An FBI report on 160 active shooter incidents from 2000-2013 found that “Law enforcement suffered casualties in 21 (46.7%) of the 45 incidents where they engaged the shooter to end the threat. This resulted in 9 officers killed (4 of whom were ambushed in a shooting) and 28 wounded.” In other words, in about half of these cases, at least one officer who engaged the shooter was shot.
Are America’s police outgunned by criminals, particularly mass shooters?
There is little question that an officer with a handgun is outgunned against someone with an AR-15. But the problem goes beyond assault weapons since the gun industry is trying to upgrade the lethal capacity of many weapons.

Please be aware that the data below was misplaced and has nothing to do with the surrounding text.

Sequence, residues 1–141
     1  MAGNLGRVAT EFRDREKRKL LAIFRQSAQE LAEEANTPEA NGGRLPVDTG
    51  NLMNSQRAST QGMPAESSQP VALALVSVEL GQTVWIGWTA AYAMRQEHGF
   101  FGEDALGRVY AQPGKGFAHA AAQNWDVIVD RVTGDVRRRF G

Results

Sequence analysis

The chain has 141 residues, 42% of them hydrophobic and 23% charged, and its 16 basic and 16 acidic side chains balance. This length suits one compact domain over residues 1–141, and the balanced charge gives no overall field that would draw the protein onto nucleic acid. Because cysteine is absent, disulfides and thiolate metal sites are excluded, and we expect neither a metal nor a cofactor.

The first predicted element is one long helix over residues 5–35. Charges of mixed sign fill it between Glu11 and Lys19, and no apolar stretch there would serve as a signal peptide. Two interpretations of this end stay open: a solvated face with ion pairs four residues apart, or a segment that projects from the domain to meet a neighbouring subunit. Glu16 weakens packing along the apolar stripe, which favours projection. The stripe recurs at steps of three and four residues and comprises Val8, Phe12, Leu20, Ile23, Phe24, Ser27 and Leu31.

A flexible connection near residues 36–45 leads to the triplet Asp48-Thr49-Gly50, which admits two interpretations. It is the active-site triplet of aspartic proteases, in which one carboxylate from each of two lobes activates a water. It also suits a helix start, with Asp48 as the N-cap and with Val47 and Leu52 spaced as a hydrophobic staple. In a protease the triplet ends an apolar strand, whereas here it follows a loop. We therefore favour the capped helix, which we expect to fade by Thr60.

Recall that in November 2018 the police officer who charged into a crowded bar to stop the Thousand Oaks massacre was struck by 6 bullets—5 fired by the gunman and 1 fatal shot tragically fired by a California Highway Patrol officer. Moreover, the first person of the 12 killed by that gunman was the armed security guard in the bar. The mass killer, a former Marine, used a Glock handgun with a laser scope, loaded with high-capacity magazines.
Of course, one consequence of the growing problem with mass shootings is that police departments have spent millions to enhance their own lethal weaponry capacities.
Are our police officers concerned about the number of Americans who own, and often legally carry in public, a wide range of firearms? And do they shoot more frequently?